John Hammerly graduated in 2007 with his degree in Agronomy. He is now currently located in Indianapolis, Indiana, where he is the Soil Data Quality Specialist for the United States Department of Agriculture, Natural Resources Conservation Service, Soil and Plant Division.
With his position, he serves as the Soil Survey Representative to an assigned area and he assures the technical quality of soil survey data. Tyler also coordinates the development and presentation of soil interpretations with the National Soil Survey Center (NSSC) and other technical soil scientists. He provides training and technical assistance to soil survey offices in all phases of soil survey for his assigned area.
Tyler participates in periodic technical field visits and progress reviews within his assigned area. He also assists other soil scientists with technical and administrative concerns and ensures that NCSS standards are met.
Tyler likes that he gets to help other soil scientists tackle complex problems by creating new ways to automate the archival and analysis of soil data, such as creating interactive web-based applications. He also gets to see unique landscapes and soils across the Midwest during field visits, progress reviews, and trainings. Tyler also enjoys that he gets to teach other soil scientists how to use new technologies for soil data collection mapping and analysis.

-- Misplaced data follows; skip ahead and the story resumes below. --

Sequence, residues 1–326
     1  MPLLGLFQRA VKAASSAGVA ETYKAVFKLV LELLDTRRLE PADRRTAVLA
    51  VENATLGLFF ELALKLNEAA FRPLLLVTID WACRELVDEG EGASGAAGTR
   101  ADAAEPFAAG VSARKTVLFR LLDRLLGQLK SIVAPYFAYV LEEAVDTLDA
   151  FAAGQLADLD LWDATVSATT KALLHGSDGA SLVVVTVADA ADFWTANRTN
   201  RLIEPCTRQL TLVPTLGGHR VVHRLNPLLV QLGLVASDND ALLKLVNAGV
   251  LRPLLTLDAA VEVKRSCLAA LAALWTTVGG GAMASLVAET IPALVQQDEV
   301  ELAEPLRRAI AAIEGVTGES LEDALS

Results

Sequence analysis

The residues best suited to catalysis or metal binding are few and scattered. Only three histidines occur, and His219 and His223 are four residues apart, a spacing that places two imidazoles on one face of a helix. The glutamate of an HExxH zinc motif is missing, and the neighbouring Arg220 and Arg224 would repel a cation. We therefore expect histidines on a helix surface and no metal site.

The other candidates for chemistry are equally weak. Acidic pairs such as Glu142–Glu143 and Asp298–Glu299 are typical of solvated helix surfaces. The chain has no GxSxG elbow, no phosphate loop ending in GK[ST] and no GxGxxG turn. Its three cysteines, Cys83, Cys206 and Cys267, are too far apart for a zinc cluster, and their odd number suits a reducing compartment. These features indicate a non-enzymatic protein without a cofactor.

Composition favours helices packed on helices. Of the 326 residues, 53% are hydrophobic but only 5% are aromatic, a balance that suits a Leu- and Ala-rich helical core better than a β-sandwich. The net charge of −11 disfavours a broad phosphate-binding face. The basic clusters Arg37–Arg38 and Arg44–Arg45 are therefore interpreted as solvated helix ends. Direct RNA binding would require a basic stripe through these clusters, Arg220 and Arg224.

The Agronomy Department prepared Tyler for his roles by fostering an interest in soil through field trips, soil pits, team projects and competitions. He was provided meaningful guidance and instruction from advisors, professors, and teaching assistants, as well as being provided new technologies to him when he was a student. Tyler’s favorite memories include the many trips he took as a member of the soil judging team. The team traveled to Manhattan, Kansas, to the soils of the Konza Prairie, to the piedmont of Auburn, Alabama, to the Badlands and Mount Rushmore in South Dakota, and the Cache Valley of Logan, Utah.
“I also recall a time during an Agronomy 473 lecture, Dr. Jon Sandor was teaching about residuum parent materials. He had a chunk of grus (a form of highly weathered granite) and asked for a volunteer to demonstrate how weathered the grus was by breaking it apart. I volunteered, and after a great deal of effort, more than I expected, the grus exploded into tiny bits of sand and gravel. It was everywhere! With no way to clean up the mess I just created, the lecture continued, and the mess was left for the next class using the classroom. I can’t imagine what the next group to use the room thought of the mess we left!”
Tyler was involved with ISUCF”V”MB for four year, T.U.B.A.S for four years, Agronomy club for three years, soil judging team for three years, and he lived in the Godfrey House in Friley Residence hall for three years.
Advice for students: “Challenge yourself. Find your passion and push yourself to be your best. It’s easy to coast along and just get by. Do what is difficult, work hard. In return, you will accomplish great things.”